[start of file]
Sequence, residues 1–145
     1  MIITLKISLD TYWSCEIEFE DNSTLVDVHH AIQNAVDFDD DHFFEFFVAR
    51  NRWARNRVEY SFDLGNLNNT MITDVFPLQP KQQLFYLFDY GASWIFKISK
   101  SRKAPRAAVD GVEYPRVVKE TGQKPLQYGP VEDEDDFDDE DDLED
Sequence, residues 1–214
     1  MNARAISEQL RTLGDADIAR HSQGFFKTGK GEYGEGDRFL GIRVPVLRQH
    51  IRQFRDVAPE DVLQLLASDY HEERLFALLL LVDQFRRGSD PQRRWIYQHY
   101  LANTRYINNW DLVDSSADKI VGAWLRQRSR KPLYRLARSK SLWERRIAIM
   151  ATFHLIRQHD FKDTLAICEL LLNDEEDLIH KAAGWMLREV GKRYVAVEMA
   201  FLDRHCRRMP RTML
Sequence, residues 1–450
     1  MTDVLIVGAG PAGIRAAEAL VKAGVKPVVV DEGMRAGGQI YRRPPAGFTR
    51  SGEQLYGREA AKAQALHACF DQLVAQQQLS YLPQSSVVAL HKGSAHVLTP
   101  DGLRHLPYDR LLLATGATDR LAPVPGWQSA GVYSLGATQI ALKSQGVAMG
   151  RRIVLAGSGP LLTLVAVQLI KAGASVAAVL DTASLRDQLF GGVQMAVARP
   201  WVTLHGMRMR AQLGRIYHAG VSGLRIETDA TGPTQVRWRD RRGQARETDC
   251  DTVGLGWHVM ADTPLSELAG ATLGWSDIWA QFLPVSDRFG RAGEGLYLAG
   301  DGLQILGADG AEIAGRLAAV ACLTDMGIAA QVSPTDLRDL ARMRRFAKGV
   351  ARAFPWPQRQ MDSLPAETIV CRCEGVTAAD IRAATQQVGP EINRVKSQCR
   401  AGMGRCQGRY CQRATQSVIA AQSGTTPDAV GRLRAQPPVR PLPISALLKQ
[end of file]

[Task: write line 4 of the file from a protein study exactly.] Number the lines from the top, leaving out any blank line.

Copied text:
   101  SRKAPRAAVD GVEYPRVVKE TGQKPLQYGP VEDEDDFDDE DDLED